The Chinese Foreign Ministry condemned the American company Badger Sportswear for announcing it would no longer purchase clothing from a company based in Xinjiang, where the communist government has built dozens of internment camps to house, enslave, and torture Muslim minorities.
Foreign Ministry spokesman Lu Kang called it “pathetic” that the U.S. company – which claimed it had no knowledge of its purchased shipments coming from Xinjiang before the Associated Press (AP) exposed the origins of the clothing in a report late last year – had chosen not to do business with western China.
China initially denied the existence of the internment camps, which are believed to house mostly ethnic Uighurs, Kazakhs, and Kyrgyz people. It has since branded them “re-education camps” and claimed that they serve to provide job skills to Muslims at risk of being enticed to join jihadist groups.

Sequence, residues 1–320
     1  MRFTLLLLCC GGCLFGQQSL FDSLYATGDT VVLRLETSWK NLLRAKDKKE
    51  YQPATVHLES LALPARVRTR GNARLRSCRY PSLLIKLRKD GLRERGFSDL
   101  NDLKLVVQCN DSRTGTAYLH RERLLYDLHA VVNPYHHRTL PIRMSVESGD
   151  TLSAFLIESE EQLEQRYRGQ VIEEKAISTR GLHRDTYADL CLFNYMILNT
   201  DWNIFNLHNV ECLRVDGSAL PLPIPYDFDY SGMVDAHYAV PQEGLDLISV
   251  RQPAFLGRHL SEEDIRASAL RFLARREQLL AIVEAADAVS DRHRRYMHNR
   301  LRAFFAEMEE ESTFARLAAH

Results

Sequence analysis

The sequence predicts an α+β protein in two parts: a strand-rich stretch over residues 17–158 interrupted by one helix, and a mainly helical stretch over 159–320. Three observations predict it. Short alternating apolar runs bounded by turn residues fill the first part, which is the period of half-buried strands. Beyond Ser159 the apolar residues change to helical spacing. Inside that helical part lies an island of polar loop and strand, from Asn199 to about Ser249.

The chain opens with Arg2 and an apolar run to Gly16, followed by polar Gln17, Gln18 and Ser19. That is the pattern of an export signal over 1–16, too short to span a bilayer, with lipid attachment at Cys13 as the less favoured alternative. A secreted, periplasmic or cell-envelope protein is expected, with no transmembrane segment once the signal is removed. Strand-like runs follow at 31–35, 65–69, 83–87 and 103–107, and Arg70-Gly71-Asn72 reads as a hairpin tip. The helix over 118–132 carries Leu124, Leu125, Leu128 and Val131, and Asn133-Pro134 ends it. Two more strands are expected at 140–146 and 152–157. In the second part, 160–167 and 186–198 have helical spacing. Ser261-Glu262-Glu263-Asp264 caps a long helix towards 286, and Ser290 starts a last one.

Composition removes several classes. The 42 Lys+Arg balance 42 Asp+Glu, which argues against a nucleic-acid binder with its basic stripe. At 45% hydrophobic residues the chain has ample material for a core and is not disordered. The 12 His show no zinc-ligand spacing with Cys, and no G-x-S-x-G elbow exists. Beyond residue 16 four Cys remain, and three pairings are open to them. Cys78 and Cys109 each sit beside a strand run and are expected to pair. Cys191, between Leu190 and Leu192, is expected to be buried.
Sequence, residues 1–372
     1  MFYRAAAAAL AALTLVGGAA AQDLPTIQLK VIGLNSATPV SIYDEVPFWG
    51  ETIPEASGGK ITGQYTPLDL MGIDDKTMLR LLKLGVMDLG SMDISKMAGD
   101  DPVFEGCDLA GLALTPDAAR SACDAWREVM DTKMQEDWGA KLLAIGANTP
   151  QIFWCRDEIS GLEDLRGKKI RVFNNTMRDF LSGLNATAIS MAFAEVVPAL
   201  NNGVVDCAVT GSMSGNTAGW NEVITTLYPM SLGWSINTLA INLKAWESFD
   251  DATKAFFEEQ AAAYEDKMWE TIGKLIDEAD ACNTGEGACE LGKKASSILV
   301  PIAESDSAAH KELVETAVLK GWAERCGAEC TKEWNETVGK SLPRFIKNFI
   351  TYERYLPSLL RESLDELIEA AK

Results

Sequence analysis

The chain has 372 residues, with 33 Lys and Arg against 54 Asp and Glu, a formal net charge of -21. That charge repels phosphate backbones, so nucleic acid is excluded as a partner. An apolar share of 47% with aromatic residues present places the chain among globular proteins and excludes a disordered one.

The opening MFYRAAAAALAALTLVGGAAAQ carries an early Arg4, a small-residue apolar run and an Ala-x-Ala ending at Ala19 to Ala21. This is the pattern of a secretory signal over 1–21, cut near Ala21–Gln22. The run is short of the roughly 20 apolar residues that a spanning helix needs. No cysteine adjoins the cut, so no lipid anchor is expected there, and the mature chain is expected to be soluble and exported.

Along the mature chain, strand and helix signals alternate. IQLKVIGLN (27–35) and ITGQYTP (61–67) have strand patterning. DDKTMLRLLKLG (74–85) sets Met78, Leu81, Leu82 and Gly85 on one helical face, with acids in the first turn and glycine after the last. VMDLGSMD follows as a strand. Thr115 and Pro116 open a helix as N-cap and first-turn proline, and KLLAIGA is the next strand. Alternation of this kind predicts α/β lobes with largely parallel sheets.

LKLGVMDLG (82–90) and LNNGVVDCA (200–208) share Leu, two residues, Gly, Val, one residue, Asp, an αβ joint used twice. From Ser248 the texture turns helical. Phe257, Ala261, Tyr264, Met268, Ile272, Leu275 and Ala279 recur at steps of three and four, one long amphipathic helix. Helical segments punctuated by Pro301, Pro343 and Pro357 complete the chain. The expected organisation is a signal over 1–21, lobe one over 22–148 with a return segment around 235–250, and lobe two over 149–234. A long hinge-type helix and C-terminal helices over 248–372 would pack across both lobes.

“If this company has stopped trade exchanges with China based on some wrong information, I think it is pathetic,” Lu told reporters, according to a translation by the state-run Global Times newspaper (the official website of the Foreign Ministry translated this as “a pity” rather than “pathetic”).
“I want to stress that first, China has abolished the reeducation through labor system,” Lu claimed. “Xinjiang’s vocational skills and education training is totally different from the ‘forced labor’ alleged by some parties.”
Lu made the comments while alleging that, “in principle,” China would typically not comment on private business dealings.
The Global Times backed Lu’s claims, asserting that its own “reporting” as a government-owned entity revealed that the government was not guilty of human rights violations in the nation’s largest province.
“During a visit to Xinjiang in late October, the Global Times found that in a satellite factory located in a village of Shorebagh town, the employees all voluntarily chose to work there and get paid,” the newspaper said, citing the salary of one of these factories at around $221 a month.